Review Summary: Old souls live again
Real soul is becoming increasingly hard to come by in modern music. Between every stinking handful of Usher clones, to exhausted rappers whose posse never had the guts to tell their boy his attempts at neo soul on track 14 should only have to be endured by those within earshot of the shower, there is no shortage of pseudo soulful noise heavy-handedly squeezing the genre for a few filler track quickies. But they are really not the ones to blame here. The recent craving for rapid gratification has got the genre pinned in a corner like an abusive father. I’ll grant there is a little bit of room still left to cower in (John Legend stands out) but gone are the days where artists like Alicia Keys or Mariah could flourish. If you need evidence (other than Mariah’s career) look no further than Beyonce’s musical arc. Compare I Am... Sasha Fierce with her newest fare and you can hear the shift. Gone are the time and pacing necessary to make a properly R&B song; in are beats which are made to be as striking and virulent as science can possibly formulate and lyrics which are meant to be swallowed, not chewed.
So here we have Alabama Shakes, whose moderate popularity stands in defiance of current trends. What they've created in Sounds and Color is an uncompromisingly authentic, full bodied release with wide emotions and variety. While classics like the aforementioned Alicia or B to progenitors like Toni Braxton leaned on a more poppy sound, Alabama Shakes tips their hat more towards classic rock, jazz rock and traditional R&B aesthetics. Take for instance the Jimi Hendrix-esque psychedelics on “Dunes”, James Brown influence on “Don’t Wanna Fight” and the falsetto bursts on “Gimmie All Your Love” which remind me a bit of Robert Plant on “What is And What Should Never Be”. Yet it’s all so easy to listen to, front to back. The album establishes short runs of mood for the listener to fall into and enjoy but can quickly shift direction. The first part of the album is funkier, but fades away into a more soulful, slower pace with “This Feeling”. It then wakes you up with the Stones-inspired rambling rock tunes like “Shoegaze” before finishing with appropriately two-faced “Gemini” and the soaring gospel of “Over My Head”. Every style is competently executed and at no point did I find fault with any of the interpretations. That being said, it makes for a bit of a disjointed listen as the tones and really all over the place. While variety isn't inherently bad, there’s just a bit too much stylistically here for me. While the changes kept things fresh, a bit more of a focused approach wouldn't have hurt.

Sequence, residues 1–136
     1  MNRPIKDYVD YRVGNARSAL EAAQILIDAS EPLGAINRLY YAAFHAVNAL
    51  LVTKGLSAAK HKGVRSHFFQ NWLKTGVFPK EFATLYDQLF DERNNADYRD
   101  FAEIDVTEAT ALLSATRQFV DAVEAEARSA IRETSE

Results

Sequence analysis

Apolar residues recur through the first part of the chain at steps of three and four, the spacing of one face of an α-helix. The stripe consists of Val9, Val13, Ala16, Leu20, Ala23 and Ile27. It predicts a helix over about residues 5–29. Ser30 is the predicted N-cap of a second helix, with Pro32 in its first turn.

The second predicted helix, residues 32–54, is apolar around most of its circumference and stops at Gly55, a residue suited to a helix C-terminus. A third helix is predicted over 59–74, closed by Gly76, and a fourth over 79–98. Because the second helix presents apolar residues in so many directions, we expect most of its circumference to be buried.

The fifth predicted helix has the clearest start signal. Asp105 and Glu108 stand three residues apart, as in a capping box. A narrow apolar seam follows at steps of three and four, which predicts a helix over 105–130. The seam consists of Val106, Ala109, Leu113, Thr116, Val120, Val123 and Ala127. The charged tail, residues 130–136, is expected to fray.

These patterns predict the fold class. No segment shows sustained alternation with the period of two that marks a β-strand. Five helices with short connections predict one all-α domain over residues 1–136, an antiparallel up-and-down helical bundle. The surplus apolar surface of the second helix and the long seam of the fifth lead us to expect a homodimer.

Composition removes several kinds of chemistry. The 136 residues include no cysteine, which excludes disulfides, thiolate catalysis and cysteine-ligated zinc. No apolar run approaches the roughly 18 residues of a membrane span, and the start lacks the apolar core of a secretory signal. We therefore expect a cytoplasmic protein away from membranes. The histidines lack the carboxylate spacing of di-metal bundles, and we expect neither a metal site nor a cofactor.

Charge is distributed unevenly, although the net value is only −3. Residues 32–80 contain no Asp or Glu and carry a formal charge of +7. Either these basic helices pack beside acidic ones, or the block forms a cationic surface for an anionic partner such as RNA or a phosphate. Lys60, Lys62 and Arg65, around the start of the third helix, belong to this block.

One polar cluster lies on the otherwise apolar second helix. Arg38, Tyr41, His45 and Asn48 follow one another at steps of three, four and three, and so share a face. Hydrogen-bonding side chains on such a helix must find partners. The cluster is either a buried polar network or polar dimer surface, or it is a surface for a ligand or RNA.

Despite the influence, it’s clear the soulfulness is still the bread and butter of the album. It’s quite admirable how they manage to capture the essence of these classic artists without losing their own soulful touch in the shuffle. The instrumentation and production is solid, doing a great job of recreating old ambiance and providing interesting moments/complementation. But obviously, the laurels have to go to front woman Brittney Howard. She has a powerful and distinctive voice with incredible range which really shines on the ample time where the band just lets her loose on the track (noticeably on “Gimmie All Your Love” or “Miss You”). But she proves adaptable as well, from more tender moments like “This Feeling”, thundering falsetto on “Don’t Wanna Fight” or “Future People” and with heavy vocal modulation on “Dunes”. She firmly stamps her mark on any song she’s on and provides a concrete spine of identity where lesser vocalists would be washed out by current of influence.
Sound and Color is a rich palette of sonic ambition, complemented by one of the most capable voices of modern music. Perhaps every step in the veritable compass rose of directions they go made me a bit directionally confused, the ambition, effort and execution has to be applauded. While it's not really advancing the genre, it's a refreshingly uncompromising and contemplative interpretation of the genre, willing to sacrifice pace or mass appeal for an authentic atmosphere to great effect.